For a couple of years now I've been playing with oak cubes, oak chips, and oak chair legs, all in an attempt to replicated the magical flavor of commercial barrel aged beers. Well all of that seemed lame once my friend Eric suggested that we buy a used wine barrel and make a real barrel aged beer. We found a winery willing to sell us an old barrel and recruited enough friends to brew the required 60 gallons of beer.
If you have the room, a full sized barrel has several big advantages over a small (5-15 gallon) homebrew-sized barrel. The biggest is money, our barrel will cost $125 ($2.08/gal), compare that to the price of a new 5 gallon American oak barrel, $160 ($32/gal). One of the biggest problems with homebrew barrels is how quickly the wood flavor can overpower the beer, both because they are made from new oak and their high surface to volume ratio, a big used barrel avoids both of these issues.
However, using a used 60 gallon barrels is not without its difficulties. First off they are big, and once they are filled with beer it is extremely heavy (~600 lbs), you pretty much have to fill, age, and empty it in place. There is also the risk that the wood harbors bacteria or wild yeast, but that is not a big deal for a sour ale. I'm sure we will run into plenty of other issues we haven't even considered yet.
Originally we were planning to age an imperial porter in the barrel before doing a sour beer, but that plan was scrapped in the interest of avoiding the chance of 60 gallons of infected porter. A project like this can be risky as either the barrel or an infection in one person's contribution can ruin the entire batch.
We are getting the barrel (not sure of the grape type yet, but it will be a red) from Chrysalis Vineyards in Middleburg, Va. The winemaker, Curtis, was nice enough to include his services prepping the barrel right before we pick it up, so all we have to do is get the barrel in place and rack the beer into it.
My friend Nathan is going to store the barrel in his basement, where the temperature should be relatively steady over the next year. How much maintenance he will have to do while it is aging remains to be seen, but Nathan is a great brewer and we trust him to take good care of the barrel and the beer.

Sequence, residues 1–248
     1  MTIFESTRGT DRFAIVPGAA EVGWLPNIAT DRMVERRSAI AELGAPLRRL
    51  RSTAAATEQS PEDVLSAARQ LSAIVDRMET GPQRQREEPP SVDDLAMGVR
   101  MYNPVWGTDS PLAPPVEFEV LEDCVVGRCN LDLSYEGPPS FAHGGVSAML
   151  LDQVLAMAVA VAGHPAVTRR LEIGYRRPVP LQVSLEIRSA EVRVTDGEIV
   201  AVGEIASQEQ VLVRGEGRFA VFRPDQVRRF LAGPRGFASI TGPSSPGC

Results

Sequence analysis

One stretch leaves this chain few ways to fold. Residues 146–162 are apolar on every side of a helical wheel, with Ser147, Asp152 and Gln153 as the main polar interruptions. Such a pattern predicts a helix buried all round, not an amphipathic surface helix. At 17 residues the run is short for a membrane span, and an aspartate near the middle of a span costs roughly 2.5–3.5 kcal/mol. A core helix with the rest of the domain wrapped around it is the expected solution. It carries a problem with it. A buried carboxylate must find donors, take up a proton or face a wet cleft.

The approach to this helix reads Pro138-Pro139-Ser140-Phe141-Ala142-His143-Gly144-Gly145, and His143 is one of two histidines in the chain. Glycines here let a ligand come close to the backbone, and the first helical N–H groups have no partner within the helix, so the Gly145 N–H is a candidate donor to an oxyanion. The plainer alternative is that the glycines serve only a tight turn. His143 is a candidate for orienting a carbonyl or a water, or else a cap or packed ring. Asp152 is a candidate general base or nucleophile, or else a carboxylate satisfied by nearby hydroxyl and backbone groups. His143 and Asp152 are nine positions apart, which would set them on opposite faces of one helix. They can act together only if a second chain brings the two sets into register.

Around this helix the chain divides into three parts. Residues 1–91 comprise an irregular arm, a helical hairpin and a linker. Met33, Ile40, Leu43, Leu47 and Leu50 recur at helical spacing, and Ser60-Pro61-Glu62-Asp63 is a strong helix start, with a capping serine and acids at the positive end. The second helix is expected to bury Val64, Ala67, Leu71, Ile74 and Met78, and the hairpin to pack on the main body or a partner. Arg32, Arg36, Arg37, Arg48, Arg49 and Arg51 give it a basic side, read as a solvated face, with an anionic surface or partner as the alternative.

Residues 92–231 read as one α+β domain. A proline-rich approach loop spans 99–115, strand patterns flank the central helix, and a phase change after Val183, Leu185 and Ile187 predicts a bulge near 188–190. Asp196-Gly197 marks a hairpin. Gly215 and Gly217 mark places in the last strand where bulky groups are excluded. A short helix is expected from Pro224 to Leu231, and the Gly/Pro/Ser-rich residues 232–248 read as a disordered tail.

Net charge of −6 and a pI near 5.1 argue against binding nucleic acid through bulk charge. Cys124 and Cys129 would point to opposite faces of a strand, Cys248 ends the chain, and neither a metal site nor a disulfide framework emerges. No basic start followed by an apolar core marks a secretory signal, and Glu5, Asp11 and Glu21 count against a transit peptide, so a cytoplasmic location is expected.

November 9th is the target date to get the beer into the barrel. Everyone will (hopefully) have their beer attenuated out, but many of them will still be young enough that they will not have dropped clean. We are also adding 5 gallons of unfermented wort to provide some easily fermentable sugars to get the microbes moving.
Our batch will be getting its Brett/Lacto/Pedio from 10 gallons of already aged Flanders Red. According to Wild Brews adding 10% aged beer is a common way for Flanders Red brewers to inoculate their "clean" barrels. I am contributing my most recent batch, as is my friend Scott (both batches are about 5 months old). I used the dregs from Lost Abbey Red Poppy to sour mine, Scott used Roeselare Blend for his, so we should have a healthy mix of different microbes.
The Recipe - 5 gallons:
The recipe is relatively open, giving a bit of choice to each individual brewer. We wanted to get this project moving quickly, so we decided against doing a bulk grain buy and a centralized yeast propagation, both of which we will probably consider next time.
Base Malt (amount as needed to reach OG), equal parts Pils/Munich/Vienna (imported preferred, but domestic 2-row varieties are acceptable)
1 lb Wheat Malt
1 lb Medium Crystal (Crystal 60, or Caramunich)
.5 lbs Dark Crystal (Special B, CaraAroma, or Crystal 120)
Mash @ 157 for 60 min
90 minute boil with 15 IBUs of the hop of your choice to bitter (anything except citrusy American hops).
Clean yeast of your choice. We want the gravity going into the barrel to be ~1.025, so a lower attenuating strain is preferred. Most of the people I have talked to seem to be going with English or American Ale yeast.
We are looking to have a full 5 (10) gallons from each person to rack into the barrel, so that means brewing a 5.5-6 (11-12) gallon batch going into primary depending on the system. It is important to get, and keep, the barrel relatively full to hold the acetobacter to a minimum.
Assuming this batch tastes good in a year or so we will start thinking about what will go into the barrel next. Might be something similar, might be a big sour beer, might be something with some fruit, we will see. If the Flanders Red seems to be going well we may look into adding a bourbon barrel to the fleet to do something big, dark, and clean.
To read about filling the barrel read this post.
This is so awesome... can't wait to see how it turns out!ReplyDelete